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Tactical Asset Allocation and Market Timing:
Whats the Difference?
By Nancy Opiela
January 11, 2011

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“Rather than an absolute return strategy, where if you lose money you are a bad market timer, tactical asset allocation is built around more of a relative return story,” he explained. “You try to be underweight when an asset class looks a little risky and overweight when it looks a bit better. You don’t simply hold multiple asset classes and hope some zig while others zag. Instead, you try to not own as much of asset classes that may go down, hoping to make money in a bull market and not lose quite as much in a bear.”

Kitces illustrates the fuzziness in the distinction between tactical asset allocation and market timing; what he describes as tactical asset allocation is merely a milder version of his view of market timing.

In a recent post on his blog Nerd’s Eye View, written jointly with Ken Solow, Chief Investment Officer for Pinnacle Advisory Group, Kitces argued that the definition of market timing as retail day-traders moving in and out of positions based on very short-term market predictions needs to be updated. After all, while tactical investing involves subtle rather than wholesale portfolio moves, it, too, is opportunistic. And it’s that characteristic that may prompt clients comfortable with a strategic buy-and-hold approach to worry that their advisor is abandoning his investment management discipline by making a move to dial down portfolio risk or gain exposure to a new asset class.

Frequency of trading cannot be what distinguishes market timing from tactical asset allocation.  Consider David Swensen, who heads Yale’s investment office. Swensen rebalances his portfolios daily, but few would call him a market timer.

Communicating with clients

While differentiating market timing from tactical asset allocation proved difficult, a clearer consensus emerged around how to communicate portfolio moves to clients.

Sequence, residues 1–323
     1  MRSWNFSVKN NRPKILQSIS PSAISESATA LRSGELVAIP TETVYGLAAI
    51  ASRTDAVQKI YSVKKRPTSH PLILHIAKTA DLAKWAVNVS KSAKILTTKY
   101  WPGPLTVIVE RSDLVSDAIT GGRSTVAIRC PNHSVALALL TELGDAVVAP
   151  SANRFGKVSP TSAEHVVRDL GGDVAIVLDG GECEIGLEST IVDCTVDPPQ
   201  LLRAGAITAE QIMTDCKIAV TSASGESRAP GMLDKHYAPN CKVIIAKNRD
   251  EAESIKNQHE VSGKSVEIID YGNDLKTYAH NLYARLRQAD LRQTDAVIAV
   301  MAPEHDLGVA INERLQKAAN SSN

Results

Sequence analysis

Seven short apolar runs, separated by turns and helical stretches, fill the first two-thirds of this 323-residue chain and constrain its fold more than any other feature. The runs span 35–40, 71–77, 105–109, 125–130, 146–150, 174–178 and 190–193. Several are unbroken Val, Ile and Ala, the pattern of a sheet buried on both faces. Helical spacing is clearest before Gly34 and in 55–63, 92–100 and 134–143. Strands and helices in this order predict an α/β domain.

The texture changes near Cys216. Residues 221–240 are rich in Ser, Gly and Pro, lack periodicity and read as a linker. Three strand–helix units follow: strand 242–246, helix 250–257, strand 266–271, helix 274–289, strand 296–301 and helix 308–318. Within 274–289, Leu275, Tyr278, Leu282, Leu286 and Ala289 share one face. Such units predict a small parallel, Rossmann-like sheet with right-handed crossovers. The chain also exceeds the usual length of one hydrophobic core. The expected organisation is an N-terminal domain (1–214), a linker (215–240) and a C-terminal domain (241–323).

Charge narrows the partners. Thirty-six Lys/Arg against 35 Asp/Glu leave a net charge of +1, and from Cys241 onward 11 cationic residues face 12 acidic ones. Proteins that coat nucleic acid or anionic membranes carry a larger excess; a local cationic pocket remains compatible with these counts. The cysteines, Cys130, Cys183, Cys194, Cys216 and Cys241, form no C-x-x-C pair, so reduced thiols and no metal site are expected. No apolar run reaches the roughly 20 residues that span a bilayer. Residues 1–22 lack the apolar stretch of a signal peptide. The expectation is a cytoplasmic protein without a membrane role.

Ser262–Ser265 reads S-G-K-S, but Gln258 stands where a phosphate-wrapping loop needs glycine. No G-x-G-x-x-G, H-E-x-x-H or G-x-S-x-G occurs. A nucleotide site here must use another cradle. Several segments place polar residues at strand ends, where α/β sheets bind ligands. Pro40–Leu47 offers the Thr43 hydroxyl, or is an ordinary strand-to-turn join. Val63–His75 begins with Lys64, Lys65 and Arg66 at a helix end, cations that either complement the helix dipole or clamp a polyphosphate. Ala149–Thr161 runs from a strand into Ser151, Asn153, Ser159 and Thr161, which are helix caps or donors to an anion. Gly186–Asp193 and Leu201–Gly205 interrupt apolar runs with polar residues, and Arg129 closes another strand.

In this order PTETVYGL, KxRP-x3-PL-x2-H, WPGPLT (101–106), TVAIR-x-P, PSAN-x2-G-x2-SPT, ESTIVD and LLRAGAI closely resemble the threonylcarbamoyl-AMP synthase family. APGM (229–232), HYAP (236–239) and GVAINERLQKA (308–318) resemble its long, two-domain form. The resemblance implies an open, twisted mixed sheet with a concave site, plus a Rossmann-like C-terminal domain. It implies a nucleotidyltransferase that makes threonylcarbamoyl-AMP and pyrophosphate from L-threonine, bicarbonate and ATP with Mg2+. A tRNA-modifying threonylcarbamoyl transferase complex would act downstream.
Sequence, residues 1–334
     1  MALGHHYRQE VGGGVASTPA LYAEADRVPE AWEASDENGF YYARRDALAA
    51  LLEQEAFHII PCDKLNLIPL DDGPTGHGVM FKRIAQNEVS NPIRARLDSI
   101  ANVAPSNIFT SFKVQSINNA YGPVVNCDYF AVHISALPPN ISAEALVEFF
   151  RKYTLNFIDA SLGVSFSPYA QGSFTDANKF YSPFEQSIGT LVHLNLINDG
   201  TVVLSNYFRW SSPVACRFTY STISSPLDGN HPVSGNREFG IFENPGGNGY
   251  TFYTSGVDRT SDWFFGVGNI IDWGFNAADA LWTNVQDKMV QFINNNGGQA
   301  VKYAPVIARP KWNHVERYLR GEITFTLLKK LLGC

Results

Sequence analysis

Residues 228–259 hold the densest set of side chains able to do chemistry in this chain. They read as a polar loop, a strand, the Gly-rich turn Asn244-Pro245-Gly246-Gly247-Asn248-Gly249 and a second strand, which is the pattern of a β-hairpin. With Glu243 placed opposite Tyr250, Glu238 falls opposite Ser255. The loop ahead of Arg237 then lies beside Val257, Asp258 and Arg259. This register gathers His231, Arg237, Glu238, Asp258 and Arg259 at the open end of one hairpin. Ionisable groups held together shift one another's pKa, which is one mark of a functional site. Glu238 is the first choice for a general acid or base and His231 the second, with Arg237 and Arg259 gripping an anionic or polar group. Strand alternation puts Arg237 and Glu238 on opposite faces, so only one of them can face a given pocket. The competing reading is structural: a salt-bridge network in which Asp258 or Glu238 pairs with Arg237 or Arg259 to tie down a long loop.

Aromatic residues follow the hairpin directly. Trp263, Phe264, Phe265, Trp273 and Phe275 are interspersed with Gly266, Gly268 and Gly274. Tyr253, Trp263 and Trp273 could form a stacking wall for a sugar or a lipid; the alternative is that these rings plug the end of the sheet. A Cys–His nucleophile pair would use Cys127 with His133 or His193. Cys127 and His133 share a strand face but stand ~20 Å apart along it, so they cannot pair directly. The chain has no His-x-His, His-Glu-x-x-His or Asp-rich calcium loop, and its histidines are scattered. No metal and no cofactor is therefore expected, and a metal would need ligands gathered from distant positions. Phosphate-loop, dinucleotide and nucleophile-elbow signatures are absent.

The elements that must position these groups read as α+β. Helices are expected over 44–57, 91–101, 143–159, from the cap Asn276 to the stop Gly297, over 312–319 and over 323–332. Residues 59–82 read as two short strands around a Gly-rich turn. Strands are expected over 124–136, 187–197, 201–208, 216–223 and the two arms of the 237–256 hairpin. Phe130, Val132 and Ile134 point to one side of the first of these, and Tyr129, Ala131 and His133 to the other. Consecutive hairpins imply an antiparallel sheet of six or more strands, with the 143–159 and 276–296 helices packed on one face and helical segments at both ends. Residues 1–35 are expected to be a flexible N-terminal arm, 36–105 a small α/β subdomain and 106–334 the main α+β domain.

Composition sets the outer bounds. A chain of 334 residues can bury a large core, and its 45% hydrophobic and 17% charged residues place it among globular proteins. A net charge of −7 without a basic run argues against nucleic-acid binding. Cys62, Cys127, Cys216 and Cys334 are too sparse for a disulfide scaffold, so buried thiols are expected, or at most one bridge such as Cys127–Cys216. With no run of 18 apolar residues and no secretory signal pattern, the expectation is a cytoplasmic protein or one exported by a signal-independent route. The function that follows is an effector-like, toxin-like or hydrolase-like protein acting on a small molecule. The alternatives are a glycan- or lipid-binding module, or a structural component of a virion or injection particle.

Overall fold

Kitces, whose firm transitioned from a passive strategic approach to tactical asset allocation in 2002, tempers clients’ fears that tactical investing is thinly cloaked market timing by pointing out that the act of rebalancing annually to one’s strategic asset allocation involves an element of market timing.  “Many advisors who had previously disagreed with me that rebalancing is a form of market timing came around to my point of view during the remarkable volatile fall of 2008,” he said. “The difference between rebalancing on the best day or the worst day of the market in September and October 2008 was a decade’s worth of returns because markets moved 10 to 20 percent over a couple of days.”

Glenn Frank, Director of Investment Tax Strategy at Lexington Wealth Management in Lexington, Massachusetts, has always used a tactical investment approach using fundamental valuations to identify under- and over-valued asset classes. His decisions are guided by a question he says few advisors ever ask their clients: Is the portfolio a means to an end, or an end in itself? “If we agree the portfolio is a means to an end, then it’s easier not to get caught up in the moment trying to beat the market and instead work toward goals by focusing on risk management and tactical shifts,” he explained. “To be a strategic allocator and continually have rebalanced back to target in 2008 for fear being labeled a market timer would have really compounded some serious losses.”

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